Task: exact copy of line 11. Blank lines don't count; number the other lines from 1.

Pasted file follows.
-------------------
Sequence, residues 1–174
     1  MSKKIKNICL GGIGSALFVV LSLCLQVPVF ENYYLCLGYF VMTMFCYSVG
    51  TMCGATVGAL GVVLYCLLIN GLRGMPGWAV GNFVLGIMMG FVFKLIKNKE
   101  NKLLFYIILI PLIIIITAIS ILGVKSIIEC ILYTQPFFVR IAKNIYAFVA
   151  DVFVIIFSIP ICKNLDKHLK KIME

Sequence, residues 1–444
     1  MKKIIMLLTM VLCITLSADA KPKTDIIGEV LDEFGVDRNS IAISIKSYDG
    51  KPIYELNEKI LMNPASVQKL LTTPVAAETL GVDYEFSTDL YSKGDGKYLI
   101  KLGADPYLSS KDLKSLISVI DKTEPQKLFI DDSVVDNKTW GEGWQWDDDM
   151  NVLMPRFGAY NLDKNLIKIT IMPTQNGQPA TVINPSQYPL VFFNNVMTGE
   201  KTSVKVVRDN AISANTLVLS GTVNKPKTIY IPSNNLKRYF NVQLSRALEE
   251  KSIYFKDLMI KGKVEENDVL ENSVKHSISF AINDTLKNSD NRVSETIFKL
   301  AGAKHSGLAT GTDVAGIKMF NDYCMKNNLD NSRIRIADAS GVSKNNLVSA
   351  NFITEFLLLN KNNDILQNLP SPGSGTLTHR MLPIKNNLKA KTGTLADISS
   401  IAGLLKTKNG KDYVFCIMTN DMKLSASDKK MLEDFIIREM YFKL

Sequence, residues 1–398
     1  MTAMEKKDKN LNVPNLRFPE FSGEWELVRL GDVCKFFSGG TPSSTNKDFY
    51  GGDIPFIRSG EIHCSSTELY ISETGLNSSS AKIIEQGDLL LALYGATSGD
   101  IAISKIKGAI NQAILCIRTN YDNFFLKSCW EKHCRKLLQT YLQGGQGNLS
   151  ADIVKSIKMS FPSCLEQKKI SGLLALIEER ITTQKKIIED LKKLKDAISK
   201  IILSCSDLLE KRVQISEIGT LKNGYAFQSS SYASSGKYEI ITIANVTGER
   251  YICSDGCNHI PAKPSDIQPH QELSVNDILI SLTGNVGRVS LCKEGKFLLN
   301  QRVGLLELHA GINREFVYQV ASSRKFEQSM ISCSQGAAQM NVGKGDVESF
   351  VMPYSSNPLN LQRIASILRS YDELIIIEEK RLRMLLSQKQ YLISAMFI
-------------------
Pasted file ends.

   201  KTSVKVVRDN AISANTLVLS GTVNKPKTIY IPSNNLKRYF NVQLSRALEE